The plastic packaging is used on four product lines: Blue Circle Extra Rapid, Blue Circle Postcrete, Blue Circle Slablayer and Blue Circle Quality Assured Mortar Mix.

Lafarge is continuing to develop even more flexible solutions for its customers. For example, it is currently trialling a dial-a-blend facility at its factory in Dewsbury, West Yorkshire, where specifiers will be able to select coloured architectural renders. Keep tabs on the Specifier section of Building for more ideas from Lafarge in the future.

How the Hub was formed

Blue Circle Portland Limestone cement has been specified for “The Hub”, a building for the Combined Universities of Cornwall that was designed by Cardiff-based architect Percy Thomas. The concrete was chosen to complement the local stone that was also specified for the £50m building.

The Hub is built into the side of a hill at Tremough near Falmouth. The concrete frame follows the contours of the hill in a series of terraces, and to give the impression that the college is embedded in the landscape, the roof has been covered with plants and rocks.

Percy Thomas opted to use used concrete instead of the local natural stone to prevent the large-scale project monopolising local raw materials suppliers.

The concrete for the site came from RMC South West. That used on parts of the building’s interior was mixed using Lafarge’s Blue Circle Portland Limestone cement to achieve a pale appearance that matches the local stone.

By using Lafarge’s technical expertise, RMC ensured that every batch of concrete had a consistent tone.

The first stage of the 17,000 m2 Hub incorporating a design centre, opened in October 2003. The second stage will be opened this month when the University of Exeter transfers its operations in Cornwall to Tremough.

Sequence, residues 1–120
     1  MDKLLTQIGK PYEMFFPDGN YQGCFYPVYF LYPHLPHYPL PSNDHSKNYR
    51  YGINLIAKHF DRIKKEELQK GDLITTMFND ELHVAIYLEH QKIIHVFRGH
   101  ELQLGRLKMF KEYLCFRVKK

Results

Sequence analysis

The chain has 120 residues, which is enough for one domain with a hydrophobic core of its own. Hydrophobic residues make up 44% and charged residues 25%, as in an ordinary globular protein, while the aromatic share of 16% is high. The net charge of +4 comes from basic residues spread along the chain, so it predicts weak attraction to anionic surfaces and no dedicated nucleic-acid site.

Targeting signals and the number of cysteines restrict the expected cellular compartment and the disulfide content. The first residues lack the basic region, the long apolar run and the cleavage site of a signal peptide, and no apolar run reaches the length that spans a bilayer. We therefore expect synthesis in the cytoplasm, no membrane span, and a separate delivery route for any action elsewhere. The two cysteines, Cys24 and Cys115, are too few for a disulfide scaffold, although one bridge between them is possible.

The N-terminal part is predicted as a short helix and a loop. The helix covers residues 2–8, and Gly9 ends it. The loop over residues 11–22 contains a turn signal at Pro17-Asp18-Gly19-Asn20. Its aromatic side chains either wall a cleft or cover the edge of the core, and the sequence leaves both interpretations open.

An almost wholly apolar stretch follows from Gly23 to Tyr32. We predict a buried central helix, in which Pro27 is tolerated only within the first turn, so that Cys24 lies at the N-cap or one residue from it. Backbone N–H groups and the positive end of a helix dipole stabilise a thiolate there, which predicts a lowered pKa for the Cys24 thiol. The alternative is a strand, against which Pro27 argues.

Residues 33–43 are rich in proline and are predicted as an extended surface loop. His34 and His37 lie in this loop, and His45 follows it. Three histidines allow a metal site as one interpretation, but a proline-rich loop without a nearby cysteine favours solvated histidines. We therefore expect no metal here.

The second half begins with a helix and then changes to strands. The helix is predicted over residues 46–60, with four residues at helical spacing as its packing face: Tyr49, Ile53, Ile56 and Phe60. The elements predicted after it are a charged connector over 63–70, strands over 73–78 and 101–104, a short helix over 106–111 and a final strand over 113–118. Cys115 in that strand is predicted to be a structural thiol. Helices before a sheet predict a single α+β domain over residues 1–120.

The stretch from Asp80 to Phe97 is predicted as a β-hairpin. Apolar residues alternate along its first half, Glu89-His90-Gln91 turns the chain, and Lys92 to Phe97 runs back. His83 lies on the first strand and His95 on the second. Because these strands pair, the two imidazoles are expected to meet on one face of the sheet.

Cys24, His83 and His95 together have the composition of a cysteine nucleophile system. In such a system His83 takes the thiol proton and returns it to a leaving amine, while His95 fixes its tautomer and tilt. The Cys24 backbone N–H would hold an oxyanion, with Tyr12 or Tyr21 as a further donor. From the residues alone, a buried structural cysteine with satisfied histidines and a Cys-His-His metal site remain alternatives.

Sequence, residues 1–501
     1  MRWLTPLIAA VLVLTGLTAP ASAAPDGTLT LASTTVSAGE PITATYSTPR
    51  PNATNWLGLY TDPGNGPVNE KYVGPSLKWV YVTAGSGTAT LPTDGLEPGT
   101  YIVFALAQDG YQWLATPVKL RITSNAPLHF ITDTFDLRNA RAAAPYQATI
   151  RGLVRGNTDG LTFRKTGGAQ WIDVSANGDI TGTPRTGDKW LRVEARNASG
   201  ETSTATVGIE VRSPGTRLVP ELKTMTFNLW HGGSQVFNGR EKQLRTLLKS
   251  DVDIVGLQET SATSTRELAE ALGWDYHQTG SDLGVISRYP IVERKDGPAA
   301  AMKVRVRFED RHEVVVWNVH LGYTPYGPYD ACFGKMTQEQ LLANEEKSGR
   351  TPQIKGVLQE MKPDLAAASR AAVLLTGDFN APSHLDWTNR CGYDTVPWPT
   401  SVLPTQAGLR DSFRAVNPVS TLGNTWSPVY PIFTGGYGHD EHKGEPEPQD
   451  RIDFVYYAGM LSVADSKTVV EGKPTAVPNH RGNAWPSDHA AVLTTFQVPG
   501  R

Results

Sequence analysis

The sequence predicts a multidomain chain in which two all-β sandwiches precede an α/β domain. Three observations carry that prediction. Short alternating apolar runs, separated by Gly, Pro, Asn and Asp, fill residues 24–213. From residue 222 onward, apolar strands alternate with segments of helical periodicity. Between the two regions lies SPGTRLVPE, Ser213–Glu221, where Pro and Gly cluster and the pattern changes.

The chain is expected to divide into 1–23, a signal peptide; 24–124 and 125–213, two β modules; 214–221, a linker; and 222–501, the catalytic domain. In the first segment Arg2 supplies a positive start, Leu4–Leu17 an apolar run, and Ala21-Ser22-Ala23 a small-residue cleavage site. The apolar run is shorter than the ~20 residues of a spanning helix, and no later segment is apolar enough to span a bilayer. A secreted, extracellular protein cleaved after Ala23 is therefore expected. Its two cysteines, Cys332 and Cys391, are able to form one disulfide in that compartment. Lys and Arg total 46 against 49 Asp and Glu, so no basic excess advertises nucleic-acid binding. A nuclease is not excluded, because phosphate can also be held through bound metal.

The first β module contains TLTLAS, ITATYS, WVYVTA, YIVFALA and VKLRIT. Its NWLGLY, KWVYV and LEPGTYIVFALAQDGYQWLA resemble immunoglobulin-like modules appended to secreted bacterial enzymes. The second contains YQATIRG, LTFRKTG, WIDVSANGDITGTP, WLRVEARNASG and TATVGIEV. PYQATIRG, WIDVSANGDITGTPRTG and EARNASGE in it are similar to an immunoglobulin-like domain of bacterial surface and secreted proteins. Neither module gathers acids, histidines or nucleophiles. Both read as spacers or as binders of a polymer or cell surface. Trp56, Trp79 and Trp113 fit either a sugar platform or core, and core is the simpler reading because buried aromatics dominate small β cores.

The Colourtex system

Once Blue Circle Colourtex S has arrived on site, the subcontractor need only to add water and it can apply the render in one coat. The pre-mixed blend of sand, lime, cement, admixtures and silicone is waterproof and hard-wearing, and the inclusion of silicone has the advantage of reducing lime bloom on site.

Colourtex S comes in 10 colours and can provide a decorative finish to most brick or block walls. Lafarge says that the product can be easily textured using a special scratching float, or it can be made to look like coursework by cutting grooves in the render surface.

The render was recently used by Center Parcs on a Roman Spa-style building in Sherwood Forest. The photograph above shows the exterior of a two-story aqua centre, which was covered in its natural cream tone to complement the building’s stonework.

DS Baxter Plastering was subcontracted to carry out the rendering. “Although this was the first time we have used Blue Circle Colourtex S, we will definitely be using it again,” says Dan Baxter, the firm’s managing director. “It only required one coat to achieve an even coverage and its through-colouring means that it doesn’t need painting.”